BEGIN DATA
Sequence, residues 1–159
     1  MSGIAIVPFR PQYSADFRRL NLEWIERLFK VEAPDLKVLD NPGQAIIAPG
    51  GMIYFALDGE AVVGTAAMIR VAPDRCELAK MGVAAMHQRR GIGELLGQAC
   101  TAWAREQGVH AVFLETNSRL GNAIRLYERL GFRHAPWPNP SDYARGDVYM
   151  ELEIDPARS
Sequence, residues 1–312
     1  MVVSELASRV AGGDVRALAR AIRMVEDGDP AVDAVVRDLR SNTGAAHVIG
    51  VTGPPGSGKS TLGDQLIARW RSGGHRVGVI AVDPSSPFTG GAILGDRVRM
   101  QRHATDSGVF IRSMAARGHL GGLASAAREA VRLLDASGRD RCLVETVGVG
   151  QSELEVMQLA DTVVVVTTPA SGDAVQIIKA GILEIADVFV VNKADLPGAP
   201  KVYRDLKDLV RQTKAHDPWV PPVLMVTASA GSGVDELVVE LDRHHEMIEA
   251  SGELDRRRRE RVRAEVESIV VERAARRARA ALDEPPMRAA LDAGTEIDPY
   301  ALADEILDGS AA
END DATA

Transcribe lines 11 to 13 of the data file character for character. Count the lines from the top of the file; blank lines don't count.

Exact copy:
   201  KVYRDLKDLV RQTKAHDPWV PPVLMVTASA GSGVDELVVE LDRHHEMIEA
   251  SGELDRRRRE RVRAEVESIV VERAARRARA ALDEPPMRAA LDAGTEIDPY
   301  ALADEILDGS AA